Shabbat Sukkot | 5768
A Special Agricultural Holiday for a Special Nation - Courtesy of R. Yisrael Sharir - The works of Rav Yisraeli zt”l
Sukkot is a holiday of the land and the workers of the land. Its commandments are connected to the land. The four species grow from the ground. The s’chach grows from the ground and is described as being the leftover of the threshing floor and the winepress. The season is “when you gather – the holiday that comes at the time that you harvest” (Rosh Hashanah 13a). This holiday should have ostensibly symbolized the connections to the land and, thus, permanence. How surprising it is to find out that the holiday symbolizes disconnectedness and the temporary. As our Rabbis tell us, “go out from your permanent dwelling and sit in a temporary dwelling.”
In fact, we do celebrate permanence and connectedness to the land, but we do so in a way that is appropriate for our unique nation with a unique approach to the land and a life of work. Our concept of working the land and to the land itself is different from the concept that other nations have. The essence of our life finds expression to the extent that we serve as a “vehicle for the kingdom of Heaven.” The root and content of our connection to the land and our political and national lives are to use the entire governmental, national apparatus in order to fulfill the ideals of kindness, goodness, putting down of tyranny, and invoking justice in the world.
At the same time we see that for every nation and culture, even the best among them who can grasp a lofty ideal conceptually, when the matter comes down to action, everything falls apart. When the people who declare the highest ideals reach positions of power, they recoil and retreat from them, for in the positions of power evil must rule, and they do not bring their good thoughts to fruition. For us, the main desire for power is for the lofty goal, and without it, there is no need at all for power. “He shall hit the land with the staff of his mouth and with the wind of his lips he will put the evil to death” (Yeshaya 14:1). Therefore, at the time of rejoicing (such as Sukkot) it says “you and the Levite and the newcomer in your midst” (Devarim 26:11), thus stressing social compassion. We are also concerned at this time for the entire world, and therefore we offer 70 special sacrifices corresponding to the nations of the world.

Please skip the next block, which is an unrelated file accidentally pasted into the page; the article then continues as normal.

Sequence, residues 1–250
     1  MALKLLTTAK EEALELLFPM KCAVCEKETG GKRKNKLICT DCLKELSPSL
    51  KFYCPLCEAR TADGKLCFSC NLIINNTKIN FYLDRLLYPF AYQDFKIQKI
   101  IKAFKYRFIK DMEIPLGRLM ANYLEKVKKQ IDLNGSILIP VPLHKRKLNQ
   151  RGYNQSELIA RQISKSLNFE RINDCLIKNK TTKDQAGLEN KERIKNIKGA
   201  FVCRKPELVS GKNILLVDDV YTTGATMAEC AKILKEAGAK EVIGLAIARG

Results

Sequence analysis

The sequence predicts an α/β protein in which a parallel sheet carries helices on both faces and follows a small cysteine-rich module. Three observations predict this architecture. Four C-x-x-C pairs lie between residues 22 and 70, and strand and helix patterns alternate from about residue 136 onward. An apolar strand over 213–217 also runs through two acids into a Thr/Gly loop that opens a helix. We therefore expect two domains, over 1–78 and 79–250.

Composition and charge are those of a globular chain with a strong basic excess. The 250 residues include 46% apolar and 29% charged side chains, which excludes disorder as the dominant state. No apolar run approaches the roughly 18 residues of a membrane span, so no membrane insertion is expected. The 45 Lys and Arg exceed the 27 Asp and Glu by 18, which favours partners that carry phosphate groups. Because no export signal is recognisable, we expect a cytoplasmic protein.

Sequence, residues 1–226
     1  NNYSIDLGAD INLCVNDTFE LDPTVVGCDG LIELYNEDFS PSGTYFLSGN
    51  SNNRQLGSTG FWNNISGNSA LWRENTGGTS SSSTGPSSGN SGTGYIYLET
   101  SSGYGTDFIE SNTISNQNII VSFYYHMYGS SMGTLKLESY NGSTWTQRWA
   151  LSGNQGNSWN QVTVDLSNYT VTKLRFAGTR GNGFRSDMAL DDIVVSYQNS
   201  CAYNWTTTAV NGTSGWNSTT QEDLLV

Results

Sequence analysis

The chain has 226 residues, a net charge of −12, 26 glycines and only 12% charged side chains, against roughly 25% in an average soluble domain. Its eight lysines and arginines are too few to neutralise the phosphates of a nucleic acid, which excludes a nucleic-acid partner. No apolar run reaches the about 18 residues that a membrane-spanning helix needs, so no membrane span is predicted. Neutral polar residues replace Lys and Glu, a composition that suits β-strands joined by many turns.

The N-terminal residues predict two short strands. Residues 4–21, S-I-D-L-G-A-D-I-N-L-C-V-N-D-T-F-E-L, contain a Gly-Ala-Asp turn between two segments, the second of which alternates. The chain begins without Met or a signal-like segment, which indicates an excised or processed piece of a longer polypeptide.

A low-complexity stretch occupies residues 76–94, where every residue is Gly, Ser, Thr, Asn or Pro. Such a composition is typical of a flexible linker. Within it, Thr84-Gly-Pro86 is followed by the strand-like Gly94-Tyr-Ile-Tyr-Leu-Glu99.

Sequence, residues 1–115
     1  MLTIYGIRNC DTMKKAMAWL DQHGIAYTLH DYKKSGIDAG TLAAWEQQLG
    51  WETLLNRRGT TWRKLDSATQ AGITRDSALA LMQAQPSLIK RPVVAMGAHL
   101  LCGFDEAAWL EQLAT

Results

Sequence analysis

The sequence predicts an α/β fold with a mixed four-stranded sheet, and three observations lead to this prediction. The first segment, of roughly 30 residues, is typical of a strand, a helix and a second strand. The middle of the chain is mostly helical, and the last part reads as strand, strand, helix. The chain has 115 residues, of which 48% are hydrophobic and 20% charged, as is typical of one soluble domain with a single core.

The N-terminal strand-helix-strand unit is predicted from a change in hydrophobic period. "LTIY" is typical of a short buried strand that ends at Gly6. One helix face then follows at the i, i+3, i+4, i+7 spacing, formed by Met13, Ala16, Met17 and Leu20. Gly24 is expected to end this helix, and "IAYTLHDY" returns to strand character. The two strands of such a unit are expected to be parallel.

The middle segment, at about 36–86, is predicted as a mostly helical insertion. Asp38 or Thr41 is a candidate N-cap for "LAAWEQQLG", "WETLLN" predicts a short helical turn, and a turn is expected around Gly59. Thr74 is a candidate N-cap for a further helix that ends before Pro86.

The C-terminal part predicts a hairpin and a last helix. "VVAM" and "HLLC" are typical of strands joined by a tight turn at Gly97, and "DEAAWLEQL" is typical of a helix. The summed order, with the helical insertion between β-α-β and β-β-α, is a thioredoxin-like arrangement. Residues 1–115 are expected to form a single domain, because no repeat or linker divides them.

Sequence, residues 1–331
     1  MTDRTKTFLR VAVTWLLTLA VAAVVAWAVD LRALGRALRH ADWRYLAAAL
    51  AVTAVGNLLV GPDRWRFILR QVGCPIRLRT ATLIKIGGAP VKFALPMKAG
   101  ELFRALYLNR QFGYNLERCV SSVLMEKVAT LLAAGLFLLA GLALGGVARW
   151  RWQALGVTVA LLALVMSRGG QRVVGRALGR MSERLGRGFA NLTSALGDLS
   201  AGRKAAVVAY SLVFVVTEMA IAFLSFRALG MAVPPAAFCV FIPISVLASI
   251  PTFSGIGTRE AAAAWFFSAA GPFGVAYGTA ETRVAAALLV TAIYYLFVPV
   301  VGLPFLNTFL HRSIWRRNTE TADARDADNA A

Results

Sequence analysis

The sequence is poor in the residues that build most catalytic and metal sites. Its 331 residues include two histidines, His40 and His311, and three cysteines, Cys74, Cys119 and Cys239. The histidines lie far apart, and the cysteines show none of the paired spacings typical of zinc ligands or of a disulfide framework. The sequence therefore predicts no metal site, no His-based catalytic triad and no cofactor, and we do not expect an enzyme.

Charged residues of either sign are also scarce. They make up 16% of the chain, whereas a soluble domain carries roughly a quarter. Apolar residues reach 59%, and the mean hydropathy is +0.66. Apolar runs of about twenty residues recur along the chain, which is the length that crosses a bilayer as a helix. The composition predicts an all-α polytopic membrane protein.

Hillel said at the Sukkot celebrations: “If I am here, everything is here” (Sukka 53a). The idea is that the revelation of the “I” is not in order to exclude someone else but in order that everyone and everything can live in co-existence. That is the difference between the Jewish “You have chosen us” and the “you have chosen us” of the beasts of the “higher race,” which found expression in gas chambers and places of torture. We need to take the grain and grapes and view them as the leftover. We need to turn the bread we eat into a means, not an end to which all of man’s talents are focused. The physical is the leftover; the main focus is that “on that which comes from the Mouth of Hashem shall man live.”
The permanence in Jewish life and the connection to the land and the state finds expression specifically in “leave the permanent dwelling” and by stressing the idea of unity of humanity after national unity. If I am here, everything is here. The main ideal is “no nation shall lift a sword against another nation, and they shall no longer learn war.” Knowledge and skills will be utilized to improve, to banish tyranny, remove evil and allow the yoke of the kingdom of Heaven to rule in the world.
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